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A-Basin's first downhill-only, mountain bike-only trail is now open!

08/01/2019

Dining

A-Basin has long been the access point to a short but gnarly and scenic Forest Service trail called Lenawee that is well-known to Colorado mountain bikers seeking a big-mountain adventure. Now, after years of planning, we are building our own bike trails on the mountain's front side, the first of which was completed in mid-September.

The as-yet-unnamed trail is a one-mile descent built by trail crews from A-Basin and the International Mountain Bicycling Association's (IMBA) Trail Solutions program. It's a preview of what is to come over the next two summers, when trail crews will build out a new mountain biking and hiking singletrack network designed by IMBA master trail designer and long-ago A-Basin employee, Joey Klein. 

The newly opened trail is only partially complete. It will eventually allow riders to descend from Black Mountain Lodge at mid-mountain to the base area. In addition to this first step, IMBA and A-Basin trail crews also built a new singletrack access route for the existing Argentine North Fork Trail, bypassing a short section of road and offering a more bike-friendly climbing option. 

"No other ski area in Colorado is doing what we're doing here [at A-Basin]. It's a blend of old-school traditional singletrack and that new breed of purpose-built enduro mountain biking. You're going to have to earn your turns to come up here and ride this stuff," - Joey Klein, IMBA Trail Solutions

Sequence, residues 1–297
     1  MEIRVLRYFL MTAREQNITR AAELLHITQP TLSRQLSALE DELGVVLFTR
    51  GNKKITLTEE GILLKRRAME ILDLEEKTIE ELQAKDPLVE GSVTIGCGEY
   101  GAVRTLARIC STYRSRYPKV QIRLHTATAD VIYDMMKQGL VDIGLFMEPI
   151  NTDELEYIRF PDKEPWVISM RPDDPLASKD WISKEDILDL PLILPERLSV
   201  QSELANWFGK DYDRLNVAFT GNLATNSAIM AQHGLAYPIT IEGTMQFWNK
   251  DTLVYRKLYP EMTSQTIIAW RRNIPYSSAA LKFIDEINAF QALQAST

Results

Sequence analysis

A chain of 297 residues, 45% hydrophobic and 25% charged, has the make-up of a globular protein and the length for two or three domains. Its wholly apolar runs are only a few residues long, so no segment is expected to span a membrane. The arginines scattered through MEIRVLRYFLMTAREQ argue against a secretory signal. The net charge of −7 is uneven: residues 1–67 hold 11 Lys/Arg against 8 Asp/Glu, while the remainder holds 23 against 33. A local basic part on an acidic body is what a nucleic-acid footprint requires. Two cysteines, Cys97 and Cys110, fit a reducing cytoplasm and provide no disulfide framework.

TRAIL DETAILS

  • Length: 1 mile
  • Trail rating: Intermediate / blue
  • Access: Climb 1 mile up the summer road or the Argentine North Fork Trail
  • Cost: FREE!
  • Hiking allowed: No
  • E-Bikes allowed: No. A-Basin is on U.S. Forest Service land, which does not allow e-bikes on trails. 
  • Bike rentals on site: No
  • Bike haul on lifts: No

FUTURE TRAILS

Construction will begin in summer 2020 on a large, cross-country-style mountain biking and hiking loop trail that will eventually create about a 10-mile ride option exploring much of the frontside of the mountain. The future loop trail will ascend from mid-mountain to 12,500 feet at the top of the lift-served terrain, head west traversing the ridge line, descend into The Beavers area, and finish by crossing the top of the Pallavicini terrain before connecting to the new trail for the descent. The system could be described as backcountry--an old-school riding experience on bike-optimized trails. Most of the future trail network will also be open to foot traffic.

There are currently no plans for lift-served riding, though A-Basin will be listening to rider demand. There are also no plans for a "bike park" with large jumps and built features, or for multiple bike-only descents. A-Basin currently intends to run the trails as a "cross-country" system.

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